The percentage of the Urals CFD trading concentrated in the prompt market has increased dramatically over the last several months, and market sources say this reflects fewer regular players and a lack of certainty for the future of sour crude supply in Europe.
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According to a Platts analysis of CFD data blocked into the Intercontinental Exchange, the proportion of total volume traded has started to skew increasingly towards the balance-month and front-month CFD contracts, both in Northwest Europe and the Mediterranean.
Since June, more than 90% of all of the Urals CFD volume blocked into ICE has traded on either a balance-month or a front-month contract, up sharply from the start of the year when only 76% of NWE CFD volume and 67% of Med CFD volume traded on the two promptest contracts.
The Urals CFD market acts a hedging tool for physical Urals cargoes in Europe and settles against an average of the Platts physical differential assessments each month. As a result, it is most heavily traded by participants with exposure in the physical Urals market and reflects expectations about Urals differentials independent of Dated Brent.
The CFD market frequently trades bilaterally and over the counter in transactions that are often invisible to the larger market, but is increasingly being blocked into the Web ICE system as a way to manage counterparty risk. Thus, while ICE-blocked only volume does not account for all of the traded volume in the Urals CFD market, it is a highly visible way to track it.
PERCENTAGE OF TOTAL CFD VOLUME IN BALANCE-MONTH AND FRONT-MONTH CONTRACTS
FEWER PHYSICAL PLAYERS
Traders said the shift towards a prompter market is reflective, at least in part, of the declining number of players in the Urals spot market as more physical volume has been concentrated in the hands of a few companies.
Since the onset of Western sanctions nearly two years ago, Russia's Rosneft -- the largest single exporter of Russian Urals out of both the Baltic and Black Seas -- has struck several major financing deals with trading houses in exchange for crude oil out of both the Urals program in Europe and the ESPO program in Asia.
As a result, the company -- which markets the majority of its available export volume via semi-annual tenders -- has been offering up less and less volume each tendering cycle.
The most recent tender, which covered Q4 2015 and Q1 2016 and was reportedly won by Gunvor, only offered 1.2 million mt-3 million mt monthly out of the combined Baltic Sea ports of Primorsk and Ust-Luga. This is down from the minimum 3 million mt per month the company offered out of the Baltic Sea over the Q4 2014 and Q1 2015.
Market sources said the shift has concentrated much of the Urals volume exported each month with a handful of companies, which has in turn restricted the willingness of other companies to participate in the Urals CFD market in even the most limited capacity.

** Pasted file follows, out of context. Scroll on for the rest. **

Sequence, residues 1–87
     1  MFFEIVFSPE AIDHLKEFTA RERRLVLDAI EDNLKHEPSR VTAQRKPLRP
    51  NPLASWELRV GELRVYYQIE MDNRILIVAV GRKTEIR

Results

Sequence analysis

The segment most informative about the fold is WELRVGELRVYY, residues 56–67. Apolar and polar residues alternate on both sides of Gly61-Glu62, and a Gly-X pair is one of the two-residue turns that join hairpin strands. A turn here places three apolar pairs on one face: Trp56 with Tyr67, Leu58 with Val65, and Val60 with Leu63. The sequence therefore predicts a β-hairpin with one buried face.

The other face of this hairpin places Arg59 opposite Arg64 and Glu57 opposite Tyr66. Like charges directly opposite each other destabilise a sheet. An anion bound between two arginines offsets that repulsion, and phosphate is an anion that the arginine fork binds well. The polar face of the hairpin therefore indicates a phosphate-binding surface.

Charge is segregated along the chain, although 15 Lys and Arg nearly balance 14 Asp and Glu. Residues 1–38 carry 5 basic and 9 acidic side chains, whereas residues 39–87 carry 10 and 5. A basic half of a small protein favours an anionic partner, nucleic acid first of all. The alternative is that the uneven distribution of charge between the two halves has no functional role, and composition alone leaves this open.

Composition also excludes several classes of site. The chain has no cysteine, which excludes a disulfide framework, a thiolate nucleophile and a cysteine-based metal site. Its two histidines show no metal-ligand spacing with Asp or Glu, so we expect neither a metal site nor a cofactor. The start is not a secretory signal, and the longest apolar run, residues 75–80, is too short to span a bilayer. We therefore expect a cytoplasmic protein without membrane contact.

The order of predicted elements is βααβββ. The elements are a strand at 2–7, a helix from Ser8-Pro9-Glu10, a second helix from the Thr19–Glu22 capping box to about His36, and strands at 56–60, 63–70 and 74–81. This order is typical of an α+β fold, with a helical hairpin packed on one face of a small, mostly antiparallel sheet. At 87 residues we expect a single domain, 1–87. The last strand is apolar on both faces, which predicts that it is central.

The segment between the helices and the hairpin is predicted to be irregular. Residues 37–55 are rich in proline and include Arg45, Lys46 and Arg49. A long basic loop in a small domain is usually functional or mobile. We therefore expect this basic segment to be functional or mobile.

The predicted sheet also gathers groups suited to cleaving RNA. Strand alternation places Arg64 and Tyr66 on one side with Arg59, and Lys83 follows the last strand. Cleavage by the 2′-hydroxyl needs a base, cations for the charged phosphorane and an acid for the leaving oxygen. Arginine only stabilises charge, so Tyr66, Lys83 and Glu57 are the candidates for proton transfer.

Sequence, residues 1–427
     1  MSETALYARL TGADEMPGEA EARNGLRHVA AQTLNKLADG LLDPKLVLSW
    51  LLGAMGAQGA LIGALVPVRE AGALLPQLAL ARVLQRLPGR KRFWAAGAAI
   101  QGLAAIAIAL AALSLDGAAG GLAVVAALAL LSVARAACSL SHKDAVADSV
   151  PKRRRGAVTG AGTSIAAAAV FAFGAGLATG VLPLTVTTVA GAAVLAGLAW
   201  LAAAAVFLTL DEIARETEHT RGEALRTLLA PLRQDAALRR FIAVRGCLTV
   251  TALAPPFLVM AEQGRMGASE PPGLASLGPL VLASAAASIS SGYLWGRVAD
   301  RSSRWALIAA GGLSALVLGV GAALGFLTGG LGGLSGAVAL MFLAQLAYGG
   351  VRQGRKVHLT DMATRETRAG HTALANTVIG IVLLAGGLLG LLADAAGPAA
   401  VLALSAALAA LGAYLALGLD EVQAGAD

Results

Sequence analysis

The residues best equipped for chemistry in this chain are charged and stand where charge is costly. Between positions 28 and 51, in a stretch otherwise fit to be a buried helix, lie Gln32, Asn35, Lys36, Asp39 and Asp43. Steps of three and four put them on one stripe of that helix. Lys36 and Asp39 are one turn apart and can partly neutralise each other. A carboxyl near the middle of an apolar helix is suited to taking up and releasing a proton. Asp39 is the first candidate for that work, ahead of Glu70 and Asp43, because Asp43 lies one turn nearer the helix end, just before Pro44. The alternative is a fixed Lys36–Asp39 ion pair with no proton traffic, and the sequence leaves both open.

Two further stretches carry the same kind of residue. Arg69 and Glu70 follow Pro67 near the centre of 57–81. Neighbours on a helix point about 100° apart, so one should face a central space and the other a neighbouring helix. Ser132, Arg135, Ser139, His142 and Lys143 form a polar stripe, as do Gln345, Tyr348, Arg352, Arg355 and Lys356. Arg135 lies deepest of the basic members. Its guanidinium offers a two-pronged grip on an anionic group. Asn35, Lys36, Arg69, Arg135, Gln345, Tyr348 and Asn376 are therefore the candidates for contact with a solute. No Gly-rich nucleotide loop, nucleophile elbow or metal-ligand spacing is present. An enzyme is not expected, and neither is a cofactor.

"With all of the barrels mostly in the hands of three or four companies, there is no more business to be done," a trader said. "People can't properly use them and are pretty much going 'why bother?'"
While the Urals CFD market has always seen liquidity concentrated at the prompt due to the way the market trades, there was evidence in late-2014 and late-2015 that elements of the market were looking further forward as a means to hedge longer-term supply contracts, even if it was only into the next financial quarter.
According to Platts analysis, the first contracts with 2015 exposure started to tentatively trade in early October-2014. As of October 23, according to the Web ICE system, there is no open interest on any 2016 contract.
"[The prompt market] has become a lot more liquid," a crude trader said. "It's being used more as a hedging thing than as a speculative one."
URALS EXPECTATIONS COMPLICATED
However, sources said market uncertainties about the sour crude supply in Europe have presented the biggest hurdle in looking at a forward CFD market, with the very real possibility of an end to sanctions against Iran likely to add to volatility in the European Urals market.
"We have a good front end right now, but we're not comfortable pricing something like a Calendar 2017 Urals CFD," a crude trader said. "That's the sort of thing a bank could do, not a trader. There is huge uncertainty around what will happen if the Iranian sanctions are fully lifted because Urals differentials are going to get killed. A calendar contract is basically just guessing what is going to happen with Iran. You might as well toss a coin."
Furthermore, market sources said the increased flow of sour crudes from the Persian Gulf -- as well as the discounted flow of Kurdish crude from the Turkish port of Ceyhan -- has seen many traditional Urals buyers in the Mediterranean in particular diversify away from the grade in favor of alternatives like Basrah from Iraq, Arab Medium from Saudi Arabia and KBT from the Kurdish region of northern Iraq.
As a result, there are fewer and fewer market participants with a vested interest in hedging Mediterranean cargoes in the CFD market. According to traders and Platts tracking data, nearly all of the November Aframax program out of the Black Sea port of Novorossiisk ended in the hands of one buyer.
"It's difficult to predict," a crude trader said. "There are just so many uncertainties with Basrah Heavy and Light from SOMO, and there's this talk from the Iranians."
--Paula VanLaningham, firstname.lastname@example.org
--Edited by Richard Rubin, email@example.com